Of course when it comes to a blanket increase, it's fairly simple. It is when we get to permanent increases, such as leveling attribute points, or using attribute tomes/Wishes to increase stats, that it becomes important to note the difference of which affects which, but even those are simple as well, since those increase the statistic of one entity.


Gaberlunzie wrote:
Say you have 14 Con and the Eidolon has 16 Con. When fused, the eidolon wears the belt, and thus has 18 Con. You use the Con of the eidolon, so both you and the eidolon have 18 Con. Thus both gain the bonus.

Remember that the Eidolon's base physical ability scores replace the Summoner's; the only saving grace is that the belt is an add-on after the fact, so even if the base is changed, the bonus from the Belt is still being applied to whatever score you're using.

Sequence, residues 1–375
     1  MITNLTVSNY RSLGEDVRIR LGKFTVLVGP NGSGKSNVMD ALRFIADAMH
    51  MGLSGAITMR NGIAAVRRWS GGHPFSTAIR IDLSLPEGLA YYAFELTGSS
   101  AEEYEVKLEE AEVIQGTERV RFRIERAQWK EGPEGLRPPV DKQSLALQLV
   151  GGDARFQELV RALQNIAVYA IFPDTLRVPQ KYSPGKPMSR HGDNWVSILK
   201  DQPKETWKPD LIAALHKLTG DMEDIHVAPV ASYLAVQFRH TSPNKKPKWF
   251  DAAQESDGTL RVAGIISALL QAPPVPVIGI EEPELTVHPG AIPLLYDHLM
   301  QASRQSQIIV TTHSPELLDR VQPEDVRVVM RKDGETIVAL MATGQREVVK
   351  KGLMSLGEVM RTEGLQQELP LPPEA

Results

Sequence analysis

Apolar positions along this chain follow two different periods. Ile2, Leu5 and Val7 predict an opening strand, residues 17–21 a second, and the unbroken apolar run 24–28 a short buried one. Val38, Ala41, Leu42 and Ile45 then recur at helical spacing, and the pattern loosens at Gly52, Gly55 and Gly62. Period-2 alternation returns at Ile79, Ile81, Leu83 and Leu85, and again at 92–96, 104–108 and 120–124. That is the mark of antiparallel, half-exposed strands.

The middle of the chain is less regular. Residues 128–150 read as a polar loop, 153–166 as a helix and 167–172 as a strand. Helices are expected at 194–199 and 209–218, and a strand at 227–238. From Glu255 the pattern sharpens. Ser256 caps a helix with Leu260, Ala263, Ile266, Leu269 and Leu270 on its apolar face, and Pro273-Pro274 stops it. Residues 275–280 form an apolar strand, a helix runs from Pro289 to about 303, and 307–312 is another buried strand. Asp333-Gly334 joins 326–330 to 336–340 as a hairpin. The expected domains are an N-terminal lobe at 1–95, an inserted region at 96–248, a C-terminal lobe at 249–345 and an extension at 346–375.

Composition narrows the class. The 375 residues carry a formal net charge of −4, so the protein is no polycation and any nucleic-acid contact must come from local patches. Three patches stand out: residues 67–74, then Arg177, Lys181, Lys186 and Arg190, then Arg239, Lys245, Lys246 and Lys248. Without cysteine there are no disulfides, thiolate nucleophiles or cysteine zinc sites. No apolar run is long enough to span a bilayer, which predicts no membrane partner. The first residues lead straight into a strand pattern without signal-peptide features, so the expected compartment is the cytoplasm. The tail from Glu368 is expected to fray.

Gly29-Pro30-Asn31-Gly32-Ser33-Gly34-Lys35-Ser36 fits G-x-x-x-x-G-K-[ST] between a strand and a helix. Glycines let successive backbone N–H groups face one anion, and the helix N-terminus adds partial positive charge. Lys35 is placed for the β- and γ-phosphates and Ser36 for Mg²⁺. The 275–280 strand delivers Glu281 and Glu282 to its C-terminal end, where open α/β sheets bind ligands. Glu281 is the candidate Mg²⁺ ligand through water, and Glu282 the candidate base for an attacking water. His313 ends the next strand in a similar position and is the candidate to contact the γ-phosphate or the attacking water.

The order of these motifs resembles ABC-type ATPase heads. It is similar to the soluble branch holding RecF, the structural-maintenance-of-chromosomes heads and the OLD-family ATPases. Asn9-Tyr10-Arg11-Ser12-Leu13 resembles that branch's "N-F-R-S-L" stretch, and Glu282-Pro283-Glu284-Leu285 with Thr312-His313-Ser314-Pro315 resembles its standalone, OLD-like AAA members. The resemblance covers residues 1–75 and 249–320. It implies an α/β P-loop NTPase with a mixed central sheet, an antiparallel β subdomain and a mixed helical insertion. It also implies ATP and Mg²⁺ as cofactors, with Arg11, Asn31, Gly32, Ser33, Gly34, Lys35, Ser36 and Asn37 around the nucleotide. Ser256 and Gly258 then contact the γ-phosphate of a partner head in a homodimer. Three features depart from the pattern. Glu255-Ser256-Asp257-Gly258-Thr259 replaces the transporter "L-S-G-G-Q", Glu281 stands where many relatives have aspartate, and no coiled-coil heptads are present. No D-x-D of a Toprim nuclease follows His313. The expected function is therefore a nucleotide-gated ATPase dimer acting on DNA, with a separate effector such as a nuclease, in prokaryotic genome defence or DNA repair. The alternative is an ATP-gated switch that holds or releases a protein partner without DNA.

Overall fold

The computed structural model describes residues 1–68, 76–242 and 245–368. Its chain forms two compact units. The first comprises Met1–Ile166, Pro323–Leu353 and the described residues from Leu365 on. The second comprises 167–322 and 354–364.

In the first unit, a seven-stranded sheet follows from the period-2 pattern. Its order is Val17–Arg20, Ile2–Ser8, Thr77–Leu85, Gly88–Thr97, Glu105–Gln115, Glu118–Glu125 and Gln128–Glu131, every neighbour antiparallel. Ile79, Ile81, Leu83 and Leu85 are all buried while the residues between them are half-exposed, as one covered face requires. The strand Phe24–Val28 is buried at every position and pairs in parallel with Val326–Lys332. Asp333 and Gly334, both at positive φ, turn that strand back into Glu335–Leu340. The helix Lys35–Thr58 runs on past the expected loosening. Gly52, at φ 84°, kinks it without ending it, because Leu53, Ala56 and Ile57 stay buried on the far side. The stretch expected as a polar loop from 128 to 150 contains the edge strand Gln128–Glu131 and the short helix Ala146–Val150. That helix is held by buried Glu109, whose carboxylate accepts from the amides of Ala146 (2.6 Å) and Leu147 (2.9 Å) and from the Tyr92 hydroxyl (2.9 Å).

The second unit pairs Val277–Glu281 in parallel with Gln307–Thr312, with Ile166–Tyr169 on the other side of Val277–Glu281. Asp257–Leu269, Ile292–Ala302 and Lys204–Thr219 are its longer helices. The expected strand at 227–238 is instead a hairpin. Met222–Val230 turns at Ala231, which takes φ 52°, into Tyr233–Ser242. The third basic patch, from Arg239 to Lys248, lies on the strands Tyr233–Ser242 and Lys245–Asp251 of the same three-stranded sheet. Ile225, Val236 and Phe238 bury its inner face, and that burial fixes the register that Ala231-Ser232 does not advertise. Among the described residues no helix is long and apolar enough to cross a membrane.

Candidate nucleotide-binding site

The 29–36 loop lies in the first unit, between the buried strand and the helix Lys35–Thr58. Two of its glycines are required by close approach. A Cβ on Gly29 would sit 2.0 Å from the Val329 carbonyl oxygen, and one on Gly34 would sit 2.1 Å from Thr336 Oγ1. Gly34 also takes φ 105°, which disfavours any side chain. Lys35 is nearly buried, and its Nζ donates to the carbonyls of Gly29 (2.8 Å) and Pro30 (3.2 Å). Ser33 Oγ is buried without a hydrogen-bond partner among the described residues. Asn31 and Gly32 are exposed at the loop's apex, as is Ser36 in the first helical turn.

Such a concept would not be applicable to a permanent addition like the ability scores you get from leveling (4th, 8th, 12th, etc.), or from Stat Tomes, since those affect only specifically your own score, not just whatever score you are currently using.


Fused Eidolon wrote:

A synthesist summons the essence of a powerful outsider to meld with his own being. The synthesist wears the eidolon like translucent, living armor. The eidolon mimics all of the synthesist’s movements, and the synthesist perceives through the eidolon’s senses and speaks through its voice, as the two are now one creature.